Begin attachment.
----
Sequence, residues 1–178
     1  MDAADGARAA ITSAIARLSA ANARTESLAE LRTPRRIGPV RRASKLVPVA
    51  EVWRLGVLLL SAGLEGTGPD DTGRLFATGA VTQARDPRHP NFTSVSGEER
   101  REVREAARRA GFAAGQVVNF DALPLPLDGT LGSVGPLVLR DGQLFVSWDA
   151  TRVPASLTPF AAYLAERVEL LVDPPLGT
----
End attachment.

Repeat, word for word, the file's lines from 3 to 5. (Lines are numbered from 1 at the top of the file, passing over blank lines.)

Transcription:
    51  EVWRLGVLLL SAGLEGTGPD DTGRLFATGA VTQARDPRHP NFTSVSGEER
   101  REVREAARRA GFAAGQVVNF DALPLPLDGT LGSVGPLVLR DGQLFVSWDA
   151  TRVPASLTPF AAYLAERVEL LVDPPLGT